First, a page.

Joint Base Andrews


Redcoats marched through Andrews to Battle of Bladensburg

By Airman 1st Class J.D. Maidens and John Deshetler | 11th Wing Public Affairs | August 22, 2014

JOINT BASE ANDREWS, Md. -- Echoes of battles past whisper through the landscape of many military installations. But, 200 years ago, elements of the British army marched through the hills and woods of what is now Joint Base Andrews.

The redcoats landed in Benedict, Maryland, under the command of Maj. Gen. Robert Ross in 1814 with the goal of sieging Washington's population of 8,000.

After landing, they marched through narrow paths, many of which have since been widened into roads and clearings for electrical transmission lines.

Because of the defensive destruction of bridges by American forces commanded by Brig. Gen. William Winder, the British were directed away from the shorter western road, and had to march northwest then south toward Washington.

The British troops would have baked under thick, red coats while carrying heavy packs and .75-caliber "Brown Bess" muskets in the hot August sun. The slow, arduous march in the heat meant they had to stop frequently, and would have followed creeks to replenish their canteens.

The natural springs on the Belle Chance property, a former plantation that still stands here, would have been a viable source of water and served as a resting area for the large troop movement.

Two hundred years ago, British soldiers could have patrolled the same ground Security Forces does today, camping on the main gate or cleaning weapons where the Jones Building now sits. The British may have fixed wagon wheels on the grass field that is now the flight line, where the Army Air Corps would prepare P-47 Thunderbolts for war and where the United States Air Force now maintains helicopters, jets, cargo aircraft and Air Force One itself.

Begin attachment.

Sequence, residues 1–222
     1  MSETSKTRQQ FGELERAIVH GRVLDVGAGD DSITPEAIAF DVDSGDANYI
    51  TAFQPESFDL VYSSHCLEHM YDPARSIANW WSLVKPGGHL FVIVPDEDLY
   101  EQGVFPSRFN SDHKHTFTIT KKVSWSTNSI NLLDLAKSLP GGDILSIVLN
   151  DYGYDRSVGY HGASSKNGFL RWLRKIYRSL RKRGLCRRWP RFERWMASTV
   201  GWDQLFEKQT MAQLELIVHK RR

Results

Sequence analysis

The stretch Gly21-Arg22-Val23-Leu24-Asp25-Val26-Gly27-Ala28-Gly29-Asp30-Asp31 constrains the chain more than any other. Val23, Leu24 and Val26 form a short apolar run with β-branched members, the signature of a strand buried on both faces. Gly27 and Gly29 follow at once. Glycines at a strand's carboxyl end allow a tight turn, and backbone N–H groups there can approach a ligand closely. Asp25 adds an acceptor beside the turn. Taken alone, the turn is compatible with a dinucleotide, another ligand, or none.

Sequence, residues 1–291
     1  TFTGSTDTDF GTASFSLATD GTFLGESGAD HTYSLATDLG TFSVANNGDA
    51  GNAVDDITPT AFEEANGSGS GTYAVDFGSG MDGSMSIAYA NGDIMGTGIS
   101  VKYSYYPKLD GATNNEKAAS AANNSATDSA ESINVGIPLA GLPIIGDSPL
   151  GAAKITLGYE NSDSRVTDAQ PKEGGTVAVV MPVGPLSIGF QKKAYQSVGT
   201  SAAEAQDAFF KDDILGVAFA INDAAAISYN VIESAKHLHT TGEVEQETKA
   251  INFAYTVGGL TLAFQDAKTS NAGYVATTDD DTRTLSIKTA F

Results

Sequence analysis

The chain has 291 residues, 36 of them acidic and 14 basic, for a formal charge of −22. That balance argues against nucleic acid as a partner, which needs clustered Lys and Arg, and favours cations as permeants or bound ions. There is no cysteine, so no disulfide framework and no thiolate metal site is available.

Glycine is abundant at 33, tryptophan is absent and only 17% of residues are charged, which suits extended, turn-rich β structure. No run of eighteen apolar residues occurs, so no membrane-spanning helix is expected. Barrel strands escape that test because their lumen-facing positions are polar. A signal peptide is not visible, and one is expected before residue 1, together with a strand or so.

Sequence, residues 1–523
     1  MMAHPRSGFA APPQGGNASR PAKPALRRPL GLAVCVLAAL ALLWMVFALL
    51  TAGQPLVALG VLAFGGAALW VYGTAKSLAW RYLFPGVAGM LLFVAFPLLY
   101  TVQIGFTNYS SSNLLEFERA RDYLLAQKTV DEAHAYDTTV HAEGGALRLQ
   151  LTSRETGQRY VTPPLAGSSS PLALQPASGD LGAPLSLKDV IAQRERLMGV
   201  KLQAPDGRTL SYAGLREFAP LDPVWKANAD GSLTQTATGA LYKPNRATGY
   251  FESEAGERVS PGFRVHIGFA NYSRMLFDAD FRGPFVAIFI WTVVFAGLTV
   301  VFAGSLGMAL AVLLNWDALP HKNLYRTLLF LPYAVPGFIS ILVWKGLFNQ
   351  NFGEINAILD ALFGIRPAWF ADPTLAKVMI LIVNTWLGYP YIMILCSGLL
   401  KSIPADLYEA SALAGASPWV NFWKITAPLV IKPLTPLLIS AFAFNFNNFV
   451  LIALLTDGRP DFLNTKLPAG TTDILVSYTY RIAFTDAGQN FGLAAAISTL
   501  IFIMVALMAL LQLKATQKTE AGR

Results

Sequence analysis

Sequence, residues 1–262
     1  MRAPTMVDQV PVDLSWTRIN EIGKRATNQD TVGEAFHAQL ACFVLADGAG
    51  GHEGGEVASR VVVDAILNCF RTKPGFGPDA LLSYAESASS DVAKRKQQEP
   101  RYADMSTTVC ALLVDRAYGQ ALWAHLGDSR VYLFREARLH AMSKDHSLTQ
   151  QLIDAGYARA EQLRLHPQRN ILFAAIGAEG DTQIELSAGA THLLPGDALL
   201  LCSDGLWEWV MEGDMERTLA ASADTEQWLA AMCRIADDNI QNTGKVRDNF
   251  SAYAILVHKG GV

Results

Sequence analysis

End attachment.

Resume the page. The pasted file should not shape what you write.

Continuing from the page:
The landscape of JBA is completely different now; the only thing remaining from the British occupation in 1814 is the forest. The Chapel 2 building did not undergo initial construction until 1854, and the original Belle Chance house was destroyed in a fire and rebuilt in 1909.

The only original elements still around since 1814 are the ponds and some of the trees around JBA. But if the trees could talk, they would confirm that the British marched and camped here 200 years ago.

If the trees could talk, they would tell of more than redcoats, but also the blue and grey coats of Civil War soldiers on the way to war.

They would remember the green jackets of early airmen on what was Andrews Field, and later Andrews Air Force Base.

They see all of the colors of coats on the flight line waiting for the arrival and departure of presidents, kings and popes, and they remember those wounded rushed by to undergo care.

Most of all, the trees of JBA would tell of honor rendered on those who have fallen as they passed through as they themselves stand tall, rooted in the historic ground that makes up JBA.